‘Him? Him who?’


  Dryden paused for a moment as he took in Matthews’ emphasis. ‘I see. Well put him through.’

  Matthews connected the call and quickly hung up.

  Dryden listened to the silence on the line for a few seconds before speaking. ‘Yes?’

  ‘Is that Gregory Dryden?’

  ‘To whom am I speaking?’

  ‘Is that Gregory Dryden?’

  ‘I see that you’re being busy, Daniel,’ Dryden said. ‘What on earth could you find so interesting about me?’

  ‘You killed my parents.’

  ‘No, Daniel, I didn’t and I can only guess where you got that malicious idea from.’ As he spoke he typed a private message to Matthews’s screen – Trace this call. Find out where he is. ‘Whatever you’ve been told up to this point has been a lie. I’m not your enemy; I’m your friend. I simply want to help you, that’s all.’

  ‘If you’re my friend then why have you sent one of your men to get me?’

  A reply appeared on Dryden’s screen – Using same device. No reflective signal to reverse hack.

  ‘What man, Daniel?’ He typed another message – FIND HIM!!!

  ‘You know who I’m talking about. He wears a grey trench coat.’

  ‘No, I’m afraid that I don’t.’ Dryden took a breath. ‘I don’t know who you think I am, Daniel. I’m a retired politician, that’s all.’

  Nothing to hook onto, appeared on Dryden’s screen.

  ‘A retired politician who shuts down specific computer terminals thousands of miles away, just because someone types his name into a search engine?’

  ‘I really have no idea what you’re talking about.’

  ‘Don’t try playing games with me. I’m going to say this once, Mr Dryden; leave me alone, or you’ll be sorry. Some of these government files would make for fascinating reading, don’t you think? Particularly the one concerning the mine in Guatemala.’

  ‘That’s interesting, Daniel, because I don’t think I’ve ever been threatened by a child before,’ Dryden muttered with a smile.

  ‘Then you’d better get used to it.’

  ‘You may have found a way to hide yourself for the moment, but you really haven’t thought this through, have you? What about those around you? What about the coloured girl, for instance?’

  ‘What? What about her? She’s got nothing to do with this.’

  ‘Hasn’t she? Well forgive me if I don’t take your word for it. I might just have to find out for myself. Is she as invisible as you, I wonder? I doubt it. You see that’s the thing about threats, Daniel; there has to be something of value to threaten with. You can’t touch me therefore your threat is empty and meaningless. You’ve been able to find a way of looking at material online. So what? If that material ever found its way somewhere else – a newspaper, perhaps? – then how difficult do you think it would be for me to get an injunction against them or just have them closed down?

  ‘Now the coloured girl on the other hand is an entirely different matter. I’d rather not involve her in this, Daniel, I really wouldn’t but I will if I have to – if you force me to. Look, I’m a reasonable man, I’ll tell you what; why don’t you hop on a plane and come see me? We can talk about this face to face and there’ll be no need for her to know anything about it? What do you say? Are you still in America?’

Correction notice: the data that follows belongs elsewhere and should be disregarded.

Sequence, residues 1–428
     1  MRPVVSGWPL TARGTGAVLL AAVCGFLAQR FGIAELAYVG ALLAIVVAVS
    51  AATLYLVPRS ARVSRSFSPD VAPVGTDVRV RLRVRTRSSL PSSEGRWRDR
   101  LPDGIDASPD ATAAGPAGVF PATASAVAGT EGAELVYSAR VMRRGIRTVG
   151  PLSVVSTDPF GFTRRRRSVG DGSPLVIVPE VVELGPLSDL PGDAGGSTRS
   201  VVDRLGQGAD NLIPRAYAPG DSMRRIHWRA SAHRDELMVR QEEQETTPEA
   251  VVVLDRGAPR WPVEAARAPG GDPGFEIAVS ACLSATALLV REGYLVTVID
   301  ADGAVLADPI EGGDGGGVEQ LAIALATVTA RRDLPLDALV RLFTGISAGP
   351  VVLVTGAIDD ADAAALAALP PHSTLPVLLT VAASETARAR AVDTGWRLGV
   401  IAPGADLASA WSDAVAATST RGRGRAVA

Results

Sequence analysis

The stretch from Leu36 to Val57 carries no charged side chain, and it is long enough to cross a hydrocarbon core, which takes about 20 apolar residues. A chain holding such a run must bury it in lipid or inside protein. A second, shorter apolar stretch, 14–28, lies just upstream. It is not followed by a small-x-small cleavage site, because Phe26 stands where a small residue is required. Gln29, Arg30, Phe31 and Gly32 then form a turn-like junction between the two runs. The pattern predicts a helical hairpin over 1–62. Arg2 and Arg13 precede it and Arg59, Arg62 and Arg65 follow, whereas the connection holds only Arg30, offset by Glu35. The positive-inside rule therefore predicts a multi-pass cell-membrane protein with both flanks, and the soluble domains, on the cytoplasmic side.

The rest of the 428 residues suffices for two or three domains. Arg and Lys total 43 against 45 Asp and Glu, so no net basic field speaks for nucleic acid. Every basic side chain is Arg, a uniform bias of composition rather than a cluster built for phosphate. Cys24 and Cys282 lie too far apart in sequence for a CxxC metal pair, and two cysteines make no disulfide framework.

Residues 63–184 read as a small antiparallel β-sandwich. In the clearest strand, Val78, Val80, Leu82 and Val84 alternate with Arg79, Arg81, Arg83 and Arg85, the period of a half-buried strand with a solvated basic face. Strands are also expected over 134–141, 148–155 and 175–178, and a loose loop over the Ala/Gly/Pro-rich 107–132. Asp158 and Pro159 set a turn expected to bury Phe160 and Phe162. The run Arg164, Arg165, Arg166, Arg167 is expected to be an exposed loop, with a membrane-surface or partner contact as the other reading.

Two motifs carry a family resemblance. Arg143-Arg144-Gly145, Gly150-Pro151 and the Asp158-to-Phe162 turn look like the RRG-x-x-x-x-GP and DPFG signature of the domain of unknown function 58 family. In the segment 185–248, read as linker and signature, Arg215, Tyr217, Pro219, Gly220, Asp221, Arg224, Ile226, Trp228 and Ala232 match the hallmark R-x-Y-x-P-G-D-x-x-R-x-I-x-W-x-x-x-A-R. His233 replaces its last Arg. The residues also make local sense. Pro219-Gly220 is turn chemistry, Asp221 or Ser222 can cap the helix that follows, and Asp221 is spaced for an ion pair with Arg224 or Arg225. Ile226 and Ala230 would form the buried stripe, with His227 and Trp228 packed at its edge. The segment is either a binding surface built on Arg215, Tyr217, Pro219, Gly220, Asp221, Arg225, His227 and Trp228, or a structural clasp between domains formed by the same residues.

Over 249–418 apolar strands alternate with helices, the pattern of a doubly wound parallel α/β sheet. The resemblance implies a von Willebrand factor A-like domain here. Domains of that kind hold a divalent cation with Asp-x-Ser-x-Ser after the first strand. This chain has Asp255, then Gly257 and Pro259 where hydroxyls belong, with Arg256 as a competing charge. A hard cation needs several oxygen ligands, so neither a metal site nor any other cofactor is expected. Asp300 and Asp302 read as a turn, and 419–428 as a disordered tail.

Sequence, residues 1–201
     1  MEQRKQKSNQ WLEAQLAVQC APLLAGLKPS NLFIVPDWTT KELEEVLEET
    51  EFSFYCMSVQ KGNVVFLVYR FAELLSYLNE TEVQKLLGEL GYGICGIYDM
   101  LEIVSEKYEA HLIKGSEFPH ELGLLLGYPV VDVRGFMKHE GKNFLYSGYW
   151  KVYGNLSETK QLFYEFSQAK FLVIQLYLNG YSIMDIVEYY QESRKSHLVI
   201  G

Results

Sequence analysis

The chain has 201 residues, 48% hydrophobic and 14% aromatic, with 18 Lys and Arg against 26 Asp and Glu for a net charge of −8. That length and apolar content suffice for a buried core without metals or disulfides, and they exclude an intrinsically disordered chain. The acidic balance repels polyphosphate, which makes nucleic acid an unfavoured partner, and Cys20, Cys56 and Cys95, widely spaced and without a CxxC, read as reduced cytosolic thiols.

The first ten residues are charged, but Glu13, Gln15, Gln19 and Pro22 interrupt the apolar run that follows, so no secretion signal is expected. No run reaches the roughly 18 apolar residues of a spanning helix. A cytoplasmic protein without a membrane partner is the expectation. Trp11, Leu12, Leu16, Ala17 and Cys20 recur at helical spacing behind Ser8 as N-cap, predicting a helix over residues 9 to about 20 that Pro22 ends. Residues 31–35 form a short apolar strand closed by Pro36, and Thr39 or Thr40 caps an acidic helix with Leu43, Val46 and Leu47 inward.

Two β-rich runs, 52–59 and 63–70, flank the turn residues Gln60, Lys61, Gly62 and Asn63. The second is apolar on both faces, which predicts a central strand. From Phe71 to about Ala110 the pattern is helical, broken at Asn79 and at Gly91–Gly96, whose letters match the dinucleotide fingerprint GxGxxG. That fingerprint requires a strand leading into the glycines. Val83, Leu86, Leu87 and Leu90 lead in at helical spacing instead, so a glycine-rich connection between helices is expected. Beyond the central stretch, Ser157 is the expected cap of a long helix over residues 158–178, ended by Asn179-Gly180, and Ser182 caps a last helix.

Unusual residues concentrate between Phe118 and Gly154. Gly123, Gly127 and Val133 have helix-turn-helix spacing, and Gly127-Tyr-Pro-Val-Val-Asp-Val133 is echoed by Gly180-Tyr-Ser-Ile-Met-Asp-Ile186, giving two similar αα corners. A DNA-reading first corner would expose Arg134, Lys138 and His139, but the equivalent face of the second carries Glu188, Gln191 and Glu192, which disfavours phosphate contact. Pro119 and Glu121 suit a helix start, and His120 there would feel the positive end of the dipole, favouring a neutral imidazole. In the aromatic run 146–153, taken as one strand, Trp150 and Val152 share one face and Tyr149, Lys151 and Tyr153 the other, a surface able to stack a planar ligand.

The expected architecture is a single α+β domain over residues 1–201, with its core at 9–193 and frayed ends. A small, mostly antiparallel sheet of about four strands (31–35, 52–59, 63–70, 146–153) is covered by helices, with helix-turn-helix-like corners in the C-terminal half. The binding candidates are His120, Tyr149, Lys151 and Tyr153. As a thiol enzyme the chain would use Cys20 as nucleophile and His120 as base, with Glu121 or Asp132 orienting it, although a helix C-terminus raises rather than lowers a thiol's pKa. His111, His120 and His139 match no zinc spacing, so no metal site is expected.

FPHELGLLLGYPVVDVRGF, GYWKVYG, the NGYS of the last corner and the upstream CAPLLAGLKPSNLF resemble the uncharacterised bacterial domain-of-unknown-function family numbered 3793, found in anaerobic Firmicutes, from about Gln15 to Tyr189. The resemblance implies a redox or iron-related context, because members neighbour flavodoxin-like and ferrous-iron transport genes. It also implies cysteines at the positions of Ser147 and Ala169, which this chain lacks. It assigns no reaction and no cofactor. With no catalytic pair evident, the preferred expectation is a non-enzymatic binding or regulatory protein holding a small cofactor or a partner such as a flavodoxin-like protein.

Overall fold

‘Do you think I’m stupid? If I give myself up you’ll kill me.’

  ‘Kill you? Kill you? My dear boy, killing you is the last thing I want to happen. Someone has been filling your head with all sorts of nonsense, haven’t they?’

  ‘Then why are you after me?’

  ‘Come and have a chat, Daniel. Let’s sort this out like men.’

  ‘I’ve seen what your men do: they shoot innocent people in cold blood. Leave me alone, and leave—’ he had to stop himself from saying Eleanor’s name ‘—just leave her out of it. This is your last chance.’

  Dryden sighed. ‘It’s like that, is it?’

  ‘Yes, it’s exactly like that.’

  ‘I have to tell you that I’m frankly disappointed,’ Dryden muttered. ‘I had hoped that we could settle this as reasonable, rational adults but I see that you possess neither of those qualities.’

  ‘Leave. Me. Alone.’



  ‘I’ll see you soon.’

  Dryden pressed a button and the line went dead. His earpiece beeped with another call. ‘Yes?’

  ‘There was no possible way we could trace him, sir,’ Matthews murmured. ‘I’m sorry.’

  ‘I’m astounded, Mr Matthews. I was under the impression that you were going places, that your star was ascending.’

  ‘Sir –’

  ‘But now it seems the star is plummeting.’

  ‘I can find him, sir, I will find him. Please, give me the chance to prove myself.’

  Dryden sighed. ‘You have one day, after which, should you fail to deliver on your promise, I expect your desk to be cleared.’

  ‘Yes, sir. Thank you, sir.’

  On Dr
yden’s screen more documents continued to be viewed; Daniel was continuing his search. ‘One other thing.’

  ‘Yes, sir?’

  ‘Do we have anyone on the ground following Tiberius?’

  ‘No, sir.’

  ‘No, I didn’t think so.’

  ‘Just the visual surveillance as you requested,’ Matthews said. ‘It’s probably just his paranoia. I wouldn’t be surprised if he’s seeing ghosts everywhere.’

  ‘Thank you for that wonderful insight,’ Dryden muttered. ‘I really am most fortunate to have you as an advisor.’

  ‘Yes sir.’

  ‘Make sure that none of the data he’s looking at reaches anyone else. And get Brennan for me.’

  He hung up before Matthews could reply.